11/25/2017

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Enlisting

Enlisting in the Army, Navy, Air Force, Marines, or the Coast Guard is as easy as taking the time to talk to one of the recruiting officers at your local military recruiting center.

If you like to swim or being around water, boats and ships, the Navy, Marines, or the Coast Guard may be best suited for you.

If you like airplanes, the Air Force may be your choice, or if you like working around tanks and munitions, the Army may be a your path.

Most local recruiting centers have an office for each branch of service located right on the premises where you can talk to a recruiter of the branch you want to join, or talk to all of them and then make a choice.

You should not feel pressured to join because whether you enlist, or not, it is up to you.

There are many things to think about because there are many options and opportunities for you.

But the first and the most important thing you should understand is that when you enlist, it is a binding contract and you are expected to fulfill the obligations of the contract.

You enlist for a specified amount time, two, three, four, or six years, and you must follow military rules and regulations.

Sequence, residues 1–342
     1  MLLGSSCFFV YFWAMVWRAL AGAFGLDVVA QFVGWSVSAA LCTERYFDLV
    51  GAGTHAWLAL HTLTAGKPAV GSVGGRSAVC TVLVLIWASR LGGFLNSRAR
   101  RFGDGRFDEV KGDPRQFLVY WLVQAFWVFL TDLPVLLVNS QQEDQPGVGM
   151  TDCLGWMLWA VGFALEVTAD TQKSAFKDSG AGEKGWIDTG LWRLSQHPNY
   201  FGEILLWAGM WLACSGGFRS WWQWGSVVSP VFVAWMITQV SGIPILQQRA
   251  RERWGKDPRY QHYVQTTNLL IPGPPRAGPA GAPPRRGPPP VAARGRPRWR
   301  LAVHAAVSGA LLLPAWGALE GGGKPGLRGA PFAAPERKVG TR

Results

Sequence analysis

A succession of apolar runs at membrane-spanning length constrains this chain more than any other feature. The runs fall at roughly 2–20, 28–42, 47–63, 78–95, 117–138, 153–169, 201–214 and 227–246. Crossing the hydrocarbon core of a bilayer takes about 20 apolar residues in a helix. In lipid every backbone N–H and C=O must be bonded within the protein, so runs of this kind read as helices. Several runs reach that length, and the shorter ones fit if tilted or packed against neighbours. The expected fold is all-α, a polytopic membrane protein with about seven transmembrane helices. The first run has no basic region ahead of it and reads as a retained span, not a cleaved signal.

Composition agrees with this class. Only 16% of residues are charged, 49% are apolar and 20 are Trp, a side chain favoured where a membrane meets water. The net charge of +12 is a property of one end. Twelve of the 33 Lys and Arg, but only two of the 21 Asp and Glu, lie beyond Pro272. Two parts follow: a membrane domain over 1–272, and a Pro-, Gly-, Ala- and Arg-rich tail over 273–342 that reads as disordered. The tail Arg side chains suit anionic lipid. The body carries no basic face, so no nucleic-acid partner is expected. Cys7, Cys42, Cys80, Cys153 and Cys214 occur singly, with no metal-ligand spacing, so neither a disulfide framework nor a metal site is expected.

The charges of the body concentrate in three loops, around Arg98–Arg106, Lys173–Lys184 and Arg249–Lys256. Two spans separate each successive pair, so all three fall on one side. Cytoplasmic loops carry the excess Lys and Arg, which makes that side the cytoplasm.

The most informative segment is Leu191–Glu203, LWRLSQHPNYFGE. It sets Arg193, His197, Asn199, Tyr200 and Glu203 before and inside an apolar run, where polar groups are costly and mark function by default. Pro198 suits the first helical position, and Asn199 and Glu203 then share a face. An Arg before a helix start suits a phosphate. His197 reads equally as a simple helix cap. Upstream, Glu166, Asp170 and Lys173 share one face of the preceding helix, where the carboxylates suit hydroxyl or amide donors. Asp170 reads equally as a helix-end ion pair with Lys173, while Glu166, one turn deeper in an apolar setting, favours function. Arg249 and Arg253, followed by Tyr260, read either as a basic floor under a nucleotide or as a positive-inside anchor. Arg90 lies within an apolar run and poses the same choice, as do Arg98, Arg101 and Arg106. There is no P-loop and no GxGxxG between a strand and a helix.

The military agrees to provide training, pay, housing, medical and dental benefits, and offer many opportunities for advancement in rank and pay grades.

Think about which branch of service you would like to join and what job you would like to do once you get in.

Each branch offer jobs and training that are basically the same but they also offer opportunities that are specific for that particular branch.

Remember, some jobs may require different levels of education, college or technical, and or may require a certain score on the Arms Services Vocational Aptitude Battery (ASVAB).

The Delayed Enlistment Program (DEP) is designed to allow high school students to enlist before they graduate, but allowing them the time to finish high school before they have to report for duty.

There is also the College First Option that allows a student to go to college for up to two years under the Delayed Enlistment Program. With 30 units or more, you may be promoted to a higher grade when you start active duty.

Even if you don't have a college degree or college credits, you can enlist, report for basic training, do your technical training, and then pursue a college degree while serving and or wait until you get out and go to college under the Montgomery GI Bill.

Whatever choice you make, it will probably be a good choice because all branches of the military has good training and benefits.

Once you make up your mind on which branch of the military is best suited for you, the recruiter will take you through the enlistment process.

Contact your local Army, Navy, Air Force, Marine Corps, or Coast Guard recruiting center for more information.

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